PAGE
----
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Could Kylie Minogue’s new album ‘Disco’ make her more timeless than Madonna?

By Lesley Chow in The Monthly

From 1994 to 2003, Kylie Minogue could be found at the intersection of the most exciting trends in art direction, cinematography, emotional affect and, yes, music. “Confide in Me” (1994) laced rich Middle Eastern pop with a cool cynicism — its video envisioned the star as a series of doll parts, available to purchase on demand. “Put Yourself in My Place” (1994) floated a beguiling rhythm and pictured Kylie as a vulnerable body in outer space, disclosing a rare tenderness within her Bardot image.

Even more impressive were her 2003 singles “Slow” and “Chocolate”, surely two of the most riveting marriages of art and music ever produced. Video director Baillie Walsh took the daringly sparse “Slow” and made it a study of forms, line and slow-build momentum. Reclining in blue, with her eyes severely defined, Kylie held the gaze in a sea of writhing hot bodies. Conversely, Dawn Shadforth’s video for “Chocolate” was a deliriously romantic vision of surrender, with lines and borders dissolving as a gauzy voice described “placeless place” and the opening of “fragile seams”. The track is irresistible, no less for drawing on the language of advertising. Its lyrics are practically an ode to chocolate caramels and soft centres (“If love were liquid it would drown me … In a heart shape come around me / And then melt me slowly down”), prizing textures and mouthfeel over coherent meaning. The video is equally seductive — Shadforth’s depiction of warm bodies in a sensual world must be one of the most compelling realisations of the female gaze on film.

With these releases, Kylie and her team became part of an unlikely vanguard in pop, apparently on the brink of further innovation. That didn’t happen — after the commercial disappointment of her 2003 album, Body Language, the star seems to have retreated from risks. Since then, her music has promoted club vibes and escapism, moving away from structural ambition. The records X (2007), Kiss Me Once (2014) and Golden (2018) didn’t make a dent in the culture, though they enhanced her reputation as a stalwart, sticking to her lane and making the best of her vocal range.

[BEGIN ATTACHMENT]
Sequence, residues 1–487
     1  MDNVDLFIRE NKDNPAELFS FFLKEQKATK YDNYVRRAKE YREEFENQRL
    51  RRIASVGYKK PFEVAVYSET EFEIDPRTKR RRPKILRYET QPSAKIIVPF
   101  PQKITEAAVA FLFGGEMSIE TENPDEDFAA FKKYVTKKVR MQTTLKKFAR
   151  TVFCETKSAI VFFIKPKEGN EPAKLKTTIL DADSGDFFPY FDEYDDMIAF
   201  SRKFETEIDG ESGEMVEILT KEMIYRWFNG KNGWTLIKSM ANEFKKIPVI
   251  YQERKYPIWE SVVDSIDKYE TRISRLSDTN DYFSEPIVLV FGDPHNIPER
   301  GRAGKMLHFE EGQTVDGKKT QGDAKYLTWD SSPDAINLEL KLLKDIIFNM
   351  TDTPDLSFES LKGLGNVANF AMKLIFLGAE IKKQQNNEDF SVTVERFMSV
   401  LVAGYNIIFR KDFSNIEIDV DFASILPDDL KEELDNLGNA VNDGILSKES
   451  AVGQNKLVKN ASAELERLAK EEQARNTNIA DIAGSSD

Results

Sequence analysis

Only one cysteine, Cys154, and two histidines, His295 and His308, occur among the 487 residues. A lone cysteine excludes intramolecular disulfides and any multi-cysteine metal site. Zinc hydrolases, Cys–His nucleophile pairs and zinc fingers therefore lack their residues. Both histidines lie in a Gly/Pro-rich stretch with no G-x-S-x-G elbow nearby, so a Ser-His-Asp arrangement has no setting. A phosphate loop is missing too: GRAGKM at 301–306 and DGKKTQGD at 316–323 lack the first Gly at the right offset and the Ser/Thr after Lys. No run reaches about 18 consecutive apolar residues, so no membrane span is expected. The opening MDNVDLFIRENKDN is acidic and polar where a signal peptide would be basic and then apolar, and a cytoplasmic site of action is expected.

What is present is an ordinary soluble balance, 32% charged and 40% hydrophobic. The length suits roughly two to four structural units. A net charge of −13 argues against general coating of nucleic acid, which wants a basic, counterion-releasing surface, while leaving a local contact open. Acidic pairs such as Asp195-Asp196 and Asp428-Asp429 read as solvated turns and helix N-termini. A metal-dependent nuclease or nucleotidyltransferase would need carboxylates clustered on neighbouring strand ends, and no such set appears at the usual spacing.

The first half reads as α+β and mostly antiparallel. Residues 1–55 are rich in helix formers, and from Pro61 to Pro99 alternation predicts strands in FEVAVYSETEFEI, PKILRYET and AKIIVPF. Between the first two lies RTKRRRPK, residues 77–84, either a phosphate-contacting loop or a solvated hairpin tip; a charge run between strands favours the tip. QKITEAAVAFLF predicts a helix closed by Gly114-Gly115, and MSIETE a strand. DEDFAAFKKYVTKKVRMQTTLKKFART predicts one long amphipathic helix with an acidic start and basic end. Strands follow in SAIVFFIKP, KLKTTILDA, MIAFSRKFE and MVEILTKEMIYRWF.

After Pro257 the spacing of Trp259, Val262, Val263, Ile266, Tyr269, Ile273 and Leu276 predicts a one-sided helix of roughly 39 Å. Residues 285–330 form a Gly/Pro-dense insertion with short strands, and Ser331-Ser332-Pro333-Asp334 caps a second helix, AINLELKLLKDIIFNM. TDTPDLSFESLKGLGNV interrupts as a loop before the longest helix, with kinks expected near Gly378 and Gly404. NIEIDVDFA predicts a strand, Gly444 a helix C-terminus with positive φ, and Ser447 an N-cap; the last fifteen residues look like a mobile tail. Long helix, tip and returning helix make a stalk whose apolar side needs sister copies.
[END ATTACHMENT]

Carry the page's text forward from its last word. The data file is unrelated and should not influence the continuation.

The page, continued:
Kylie’s latest album, Disco, has earned respectful, even enthusiastic, reviews, lauding the singer’s commitment to what she supposedly does best: uncomplicated dance numbers. Minogue has a writer’s credit throughout, and the opening songs — “Magic”, “Miss a Thing” and “Real Groove” — are elating if conventional, evoking paradise as they spiral upwards. All three tracks are bangers, to be sure, but they are not haunting or provoking in the manner of “Chocolate” or “Confide in Me”.

That Kylie now appears to have more career longevity than Madonna is a prospect one could never have imagined in the early ’90s. One might have supposed that Kylie’s girlish persona — she is very much a princess of pop, rather than its queen — would date less well than the formidable imagery and intensity of Madonna and Janet Jackson. But for the past two decades Madonna and Jackson have been at the mercy of social media and physical shaming, and despite significant bodies of work, their prestige has taken a beating. Both have been mocked for overt displays of sexuality combined with age and power.

Kylie has seemingly learnt from their experience, and avoids veering to extremes of seriousness or sexuality. In place of naked ambition, she maintains a strict focus on dance music that reads as pleasingly unaffected, and she has successfully incorporated camp into her performance style. In interviews she comes across as a mildly self-deprecating showgirl, and visually she is still the green fairy who twinkled her way through Moulin Rouge (2001) and beyond. At present, her standing in Australia, the United Kingdom and Europe is equivalent to that of Jennifer Lopez in the United States: a tabloid fixture turned beloved showbiz trouper, verging on iconic. Another decade or two might take her to Cher status.

It has been a strange career trajectory for the former soap star. Critically reviled during the ’80s and ’90s, she had a surprise US breakout in 2001 followed by a period of creative experimentation, and is now an industry favourite praised for her unpretentiousness. Has her style really evolved so much, or is it just that pop exuberance is in short supply these days? Certainly, her vocals have changed over the years. The voice once derided as thin, weak and limited sounds considerably more refined and effortless on Disco — but also less human.

Kylie’s voice, already nasal and metallic, has been buffed to an alien level of smoothness, a mere sliver of a sound. Everything that was gauche and raw about her early tone — the “budgie” squeak that critics found so excruciating — has been erased. On the verses of “Miss a Thing”, her vocals sound almost vaporised, atomised. Whatever digital processing has taken place, it is as if a preset function has been used to add sparkle and gloss to her timbre — the sonic equivalent of Vaseline on the lens. With more filtering on her voice than her image, Kylie is an unusual pop star — the retouching on her artwork can’t compare with the inhuman sheen of her vocals.

To a new generation of listeners, this airbrushed abstraction of a voice paradoxically communicates warmth and nostalgia. Paired with lively videos and uplifting dance motifs, a sound that should be unnerving and robotic instead signals straight-up good times. In her most challenging work in the past, Kylie played up the eerie side of her impersonality, from the sweet machine dispensing love for sale in “Confide in Me” to the erotic “placeless place” of “Chocolate”. However, for fans of her recent tracks, the detachment in her tone reads as transcendent rather than disturbing, the voice of a benevolent goddess — with an album named Aphrodite (2010) to boot — whose only allegiance is to the dancefloor.